Andre Fabre pays tribute to Trempolino after Arc hero dies at 34
Andre Fabre has paid glowing tribute to Trempolino, who broke Dancing Brave's track record by well over a second with a blistering performance in the 1987 Prix de l'Arc de Triomphe and has died at the grand old age of 34.
Fabre, who has gone on to win another six Arcs, said on Tuesday: "Trempolino was a really lovely horse and of course my first Arc winner. I'm sad he has died but happy he enjoyed such a long life.
"His great strength was his acceleration, and he loved fast ground. And of course he had an exceptional jockey in Pat Eddery. I miss Trempolino and I miss Pat Eddery."
Trempolino was beaten a head by Natroun in the Prix du Jockey Club, yet despite a subsequent success in the Prix Niel he was something of a surprise winner of the Arc, starting at 20-1 in a market dominated by the Derby, King George and St Leger winner Reference Point.
Although the field of 11 was the smallest since prize-money was increased in 1949 it was a strong Arc, as it also featured brilliant mare Triptych, Prince of Wales's and Eclipse winner Mtoto and the following year's Arc winner Tony Bin.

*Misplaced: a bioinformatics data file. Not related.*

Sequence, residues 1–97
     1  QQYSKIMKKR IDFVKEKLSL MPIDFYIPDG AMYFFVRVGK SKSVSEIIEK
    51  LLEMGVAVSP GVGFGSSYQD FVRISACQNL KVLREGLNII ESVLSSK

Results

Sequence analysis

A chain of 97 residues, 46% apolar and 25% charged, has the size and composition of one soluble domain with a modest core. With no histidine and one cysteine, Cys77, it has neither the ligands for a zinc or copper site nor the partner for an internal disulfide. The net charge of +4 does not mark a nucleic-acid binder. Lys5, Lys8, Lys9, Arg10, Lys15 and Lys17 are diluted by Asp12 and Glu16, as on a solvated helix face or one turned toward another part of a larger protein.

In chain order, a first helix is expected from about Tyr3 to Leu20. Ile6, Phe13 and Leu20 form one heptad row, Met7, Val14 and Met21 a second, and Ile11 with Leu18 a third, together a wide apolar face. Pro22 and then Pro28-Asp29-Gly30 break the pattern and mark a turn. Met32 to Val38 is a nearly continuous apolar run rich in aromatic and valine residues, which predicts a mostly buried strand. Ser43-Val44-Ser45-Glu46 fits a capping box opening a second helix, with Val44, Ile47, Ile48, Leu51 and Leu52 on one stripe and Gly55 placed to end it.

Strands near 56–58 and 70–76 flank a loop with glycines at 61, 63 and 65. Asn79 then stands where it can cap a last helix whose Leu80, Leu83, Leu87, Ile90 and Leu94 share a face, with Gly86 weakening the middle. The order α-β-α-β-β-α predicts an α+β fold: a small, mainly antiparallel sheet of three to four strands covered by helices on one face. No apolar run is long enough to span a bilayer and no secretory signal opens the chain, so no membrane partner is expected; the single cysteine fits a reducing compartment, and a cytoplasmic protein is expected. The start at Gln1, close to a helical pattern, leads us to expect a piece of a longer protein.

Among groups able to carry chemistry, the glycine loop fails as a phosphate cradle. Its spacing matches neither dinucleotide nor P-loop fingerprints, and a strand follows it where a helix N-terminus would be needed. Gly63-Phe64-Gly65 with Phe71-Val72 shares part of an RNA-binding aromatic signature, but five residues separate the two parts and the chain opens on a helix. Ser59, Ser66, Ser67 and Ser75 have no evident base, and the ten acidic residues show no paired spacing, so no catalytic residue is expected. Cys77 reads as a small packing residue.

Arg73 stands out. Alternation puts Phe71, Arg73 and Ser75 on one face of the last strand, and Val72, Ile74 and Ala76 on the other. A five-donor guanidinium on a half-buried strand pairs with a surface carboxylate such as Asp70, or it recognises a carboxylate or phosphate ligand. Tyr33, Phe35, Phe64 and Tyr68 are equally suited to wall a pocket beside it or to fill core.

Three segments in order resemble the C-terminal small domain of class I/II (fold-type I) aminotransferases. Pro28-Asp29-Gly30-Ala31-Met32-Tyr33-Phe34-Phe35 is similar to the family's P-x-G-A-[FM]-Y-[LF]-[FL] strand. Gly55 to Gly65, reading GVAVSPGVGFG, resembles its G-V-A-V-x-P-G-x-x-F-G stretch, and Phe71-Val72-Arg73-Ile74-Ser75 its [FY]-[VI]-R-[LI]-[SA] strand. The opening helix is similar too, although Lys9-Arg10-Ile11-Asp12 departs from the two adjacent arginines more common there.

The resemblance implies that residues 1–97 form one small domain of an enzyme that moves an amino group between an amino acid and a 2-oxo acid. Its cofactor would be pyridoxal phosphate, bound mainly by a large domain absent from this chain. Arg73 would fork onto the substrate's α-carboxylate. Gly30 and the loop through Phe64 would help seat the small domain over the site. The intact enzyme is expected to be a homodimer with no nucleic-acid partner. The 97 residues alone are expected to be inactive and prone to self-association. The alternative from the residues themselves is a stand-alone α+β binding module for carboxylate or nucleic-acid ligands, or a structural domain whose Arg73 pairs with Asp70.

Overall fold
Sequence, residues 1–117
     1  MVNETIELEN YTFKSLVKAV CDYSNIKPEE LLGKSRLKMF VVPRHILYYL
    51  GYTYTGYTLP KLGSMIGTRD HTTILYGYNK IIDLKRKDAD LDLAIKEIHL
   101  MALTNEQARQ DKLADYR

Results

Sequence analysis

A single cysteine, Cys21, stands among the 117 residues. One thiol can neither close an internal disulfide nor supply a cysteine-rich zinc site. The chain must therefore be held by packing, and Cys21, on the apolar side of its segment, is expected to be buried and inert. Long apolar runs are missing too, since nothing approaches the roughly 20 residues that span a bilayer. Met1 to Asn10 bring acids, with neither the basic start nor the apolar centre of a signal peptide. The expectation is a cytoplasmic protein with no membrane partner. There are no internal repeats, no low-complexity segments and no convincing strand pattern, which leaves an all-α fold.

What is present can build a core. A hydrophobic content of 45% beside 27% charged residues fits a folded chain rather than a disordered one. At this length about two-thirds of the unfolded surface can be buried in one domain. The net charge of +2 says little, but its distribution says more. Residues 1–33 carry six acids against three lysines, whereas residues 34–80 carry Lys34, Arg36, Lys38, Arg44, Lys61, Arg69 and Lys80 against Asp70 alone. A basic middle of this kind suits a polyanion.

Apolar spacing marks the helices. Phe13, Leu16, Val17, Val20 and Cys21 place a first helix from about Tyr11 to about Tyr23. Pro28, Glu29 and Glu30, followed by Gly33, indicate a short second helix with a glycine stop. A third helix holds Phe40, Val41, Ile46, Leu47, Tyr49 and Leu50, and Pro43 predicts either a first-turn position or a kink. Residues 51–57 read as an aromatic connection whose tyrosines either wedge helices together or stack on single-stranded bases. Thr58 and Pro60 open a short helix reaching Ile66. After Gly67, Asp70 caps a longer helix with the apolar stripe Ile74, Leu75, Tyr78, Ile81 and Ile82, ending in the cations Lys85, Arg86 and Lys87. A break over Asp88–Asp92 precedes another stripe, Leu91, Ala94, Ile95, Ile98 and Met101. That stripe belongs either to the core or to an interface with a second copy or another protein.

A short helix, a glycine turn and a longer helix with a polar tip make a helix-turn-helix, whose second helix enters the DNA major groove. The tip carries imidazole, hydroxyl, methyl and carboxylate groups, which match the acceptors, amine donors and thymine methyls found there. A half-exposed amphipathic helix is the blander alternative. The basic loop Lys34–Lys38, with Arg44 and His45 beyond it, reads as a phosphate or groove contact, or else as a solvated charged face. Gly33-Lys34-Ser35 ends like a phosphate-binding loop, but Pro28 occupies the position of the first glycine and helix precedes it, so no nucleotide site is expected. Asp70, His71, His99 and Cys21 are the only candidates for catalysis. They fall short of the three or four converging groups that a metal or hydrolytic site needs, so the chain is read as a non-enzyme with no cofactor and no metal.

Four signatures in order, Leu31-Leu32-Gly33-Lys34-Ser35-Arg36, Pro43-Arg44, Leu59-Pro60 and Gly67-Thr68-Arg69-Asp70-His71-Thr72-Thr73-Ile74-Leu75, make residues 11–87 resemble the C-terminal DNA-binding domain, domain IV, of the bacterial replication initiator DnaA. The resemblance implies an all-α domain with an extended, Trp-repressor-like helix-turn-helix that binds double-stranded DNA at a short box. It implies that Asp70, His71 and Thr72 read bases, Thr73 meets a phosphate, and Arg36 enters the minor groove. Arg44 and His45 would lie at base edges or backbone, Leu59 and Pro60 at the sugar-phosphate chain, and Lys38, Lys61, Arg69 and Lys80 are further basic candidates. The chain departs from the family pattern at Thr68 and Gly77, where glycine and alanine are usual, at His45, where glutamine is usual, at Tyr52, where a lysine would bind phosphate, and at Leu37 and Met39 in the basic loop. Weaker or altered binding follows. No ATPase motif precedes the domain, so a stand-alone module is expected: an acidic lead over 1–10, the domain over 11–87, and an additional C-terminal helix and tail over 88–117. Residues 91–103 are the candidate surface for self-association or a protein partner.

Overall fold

However, he sliced through the field with remarkable ease approaching the two-furlong marker and burst clear to beat Tony Bin in great style by two lengths, with Triptych a further three lengths away in third, Mtoto fourth and Reference Point only eighth.
Fabre recalled: "The strong pace helped him. It's easier to come through a small field like that, but it was a great performance, and he ran another great race afterwards at the Breeders' Cup."
The Breeders' Cup Turf, staged that year at Hollywood Park, was Trempolino's final start before he retired to stud, and in a memorable finish he failed by only half a length to repel North America's rallying champion grass horse Theatrical after being produced from well off the pace and looking the winner when briefly hitting the front.
As a stallion he is best known as the sire of Queen Anne and Prix d'Ispahan Stakes winner Valixir, also trained by Fabre, and Grosser Preis Von Baden winner Germany, sire of Faugheen and Samcro.
The death of another French Group 1 winner of yesteryear, Poliglote, was also announced this week. Poliglote landed the 1994 Criterium de Saint-Cloud, trained by Criquette Head-Maarek and ridden by her brother Freddy, and was narrowly beaten by Celtic Swing in the Prix du Jockey Club a year later.
He went on to become a high-class dual-purpose stallion, siring 2012 Arc heroine Solemia, plus talented jumpers like Don Poli, Top Notch and Politologue.
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